Dachau

At first, I seemed a little annoyed by this class. A bunch of Christian college students, talking about evil and tough issues, all while sitting around, leading mainly comfortable lives. But after our discussion tonight, I see that this class was meant for more than that, this class was meant to engage us with multiple senses, becoming a part of it, tasting the suffering. I thought it was selfish to just sit and talk, while outside the world is broken and hurting. However, I am seeing that this class will influence me more than I imagined. It has challenged my worldview, prodded by thoughts and beliefs, and forced me to ask tough questions—questions that more often than not are left unanswered.

Today we went to Dachau. The emotions as I entered the gas chambers were overwhelming. I cried, but that was not enough. My emotions were not enough to cover how I was feeling nor how the prisoners must have felt. I am almost just lost for words. But sometimes words are the only thing I have, so I must attempt to use them to the best of my ability. 

There was a monument outside the gas chambers for all the liberated people, who are too many to know their names, but not nearly enough for the amount of people that were lost and killed. I overheard the tour guide talking (we only took the tour where you have a thing to listen to through headphone things). He mentioned how the people that survived didn’t know what they were going home to. They received their name back, but they didn’t even know who their own self was. It made me think: who are you to be after all of your humanity has been striped from you? What do you have left when you have nothing left?

But I know there was hope in some of them. I don’t know how. I don’t know how I would react, I don’t know what I would do or say. But I do know that I would have struggled with being mad at God. I was struggling with my anger toward God while walking back from the gas chambers. I want to ask God why He let that happen. I know He didn’t do this, and I know that he didn’t want it to happen to his people, his children, his beloved. I know God doesn’t scoop people up when they are hurting, because then we wouldn’t be here. None of us.  Yet we can’t ignore that this happened. We are left with questions, and without answers. That seems to be a theme lately.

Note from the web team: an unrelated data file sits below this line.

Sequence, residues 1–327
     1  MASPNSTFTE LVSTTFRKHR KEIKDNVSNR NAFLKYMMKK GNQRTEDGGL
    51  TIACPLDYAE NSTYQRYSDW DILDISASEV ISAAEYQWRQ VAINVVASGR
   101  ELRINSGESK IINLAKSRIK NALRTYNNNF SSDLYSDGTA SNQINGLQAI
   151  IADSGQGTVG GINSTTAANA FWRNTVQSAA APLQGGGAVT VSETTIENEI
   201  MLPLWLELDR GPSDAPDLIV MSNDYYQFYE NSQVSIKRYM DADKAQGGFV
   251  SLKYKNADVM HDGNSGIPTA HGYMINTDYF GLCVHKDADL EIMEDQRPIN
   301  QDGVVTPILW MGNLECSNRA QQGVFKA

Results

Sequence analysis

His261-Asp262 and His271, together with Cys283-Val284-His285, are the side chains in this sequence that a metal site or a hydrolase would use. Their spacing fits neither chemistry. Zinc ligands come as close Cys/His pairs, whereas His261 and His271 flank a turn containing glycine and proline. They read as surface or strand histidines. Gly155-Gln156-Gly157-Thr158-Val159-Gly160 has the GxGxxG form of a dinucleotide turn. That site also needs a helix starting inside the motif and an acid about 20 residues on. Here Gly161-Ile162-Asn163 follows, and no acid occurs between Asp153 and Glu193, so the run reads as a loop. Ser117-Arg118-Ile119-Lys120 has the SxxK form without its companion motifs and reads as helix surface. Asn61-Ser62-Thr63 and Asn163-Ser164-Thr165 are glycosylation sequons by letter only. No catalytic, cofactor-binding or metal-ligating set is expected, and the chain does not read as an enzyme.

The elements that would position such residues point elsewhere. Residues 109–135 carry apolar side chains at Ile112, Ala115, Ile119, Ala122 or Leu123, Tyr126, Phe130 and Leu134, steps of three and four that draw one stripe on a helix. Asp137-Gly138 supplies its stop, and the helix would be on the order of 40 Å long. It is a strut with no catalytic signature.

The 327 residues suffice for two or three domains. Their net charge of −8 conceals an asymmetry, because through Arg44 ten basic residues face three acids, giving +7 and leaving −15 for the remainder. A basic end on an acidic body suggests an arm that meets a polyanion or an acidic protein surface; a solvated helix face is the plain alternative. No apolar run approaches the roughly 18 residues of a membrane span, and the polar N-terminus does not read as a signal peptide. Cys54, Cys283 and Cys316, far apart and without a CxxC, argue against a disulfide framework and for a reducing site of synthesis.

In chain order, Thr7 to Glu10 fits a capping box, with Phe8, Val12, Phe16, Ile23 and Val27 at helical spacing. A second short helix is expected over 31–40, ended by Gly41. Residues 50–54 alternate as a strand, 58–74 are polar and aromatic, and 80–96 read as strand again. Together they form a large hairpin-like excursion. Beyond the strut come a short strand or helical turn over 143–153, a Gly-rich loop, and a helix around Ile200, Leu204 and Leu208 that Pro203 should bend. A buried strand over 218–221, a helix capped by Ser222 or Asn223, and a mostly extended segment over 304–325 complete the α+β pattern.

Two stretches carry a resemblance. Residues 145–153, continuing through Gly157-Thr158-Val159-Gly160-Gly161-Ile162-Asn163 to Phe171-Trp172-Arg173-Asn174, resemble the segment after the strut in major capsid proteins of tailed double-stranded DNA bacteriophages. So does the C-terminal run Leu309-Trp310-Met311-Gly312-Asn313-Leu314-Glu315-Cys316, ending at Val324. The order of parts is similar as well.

What can we do when we are just angry at God? How can we be a faithful witness when we struggle with anger toward God? How do we live in the tension of a God who gives and takes away?

How do we praise a God when we hold bitterness toward him? I don’t know if we can. I don’t know how to live in the balance, in the muddle of the tension. I know this: God is good, God is present in suffering, and we can have hope because of Christ’s work on the cross. 

I am left with a lot of pain, hurt, and confusion. Though I know nothing I think or feel is nearly intense enough to do justice for the injustice that took place. 

We are on the train now, heading back. Heading back to a comfortable bed, not sure where our next meal will come from, but not having to worry about whether or not we will have food to eat. I know there will continue to be difficulties, and there will continue to be suffering. Even the Bible says that we will always have the widows and orphans with us, so what we do? How must be compelled to act in the face of injustice? I don’t have the answers, but I know that we can love because Christ loved us. Christ loves us in the hurt. 

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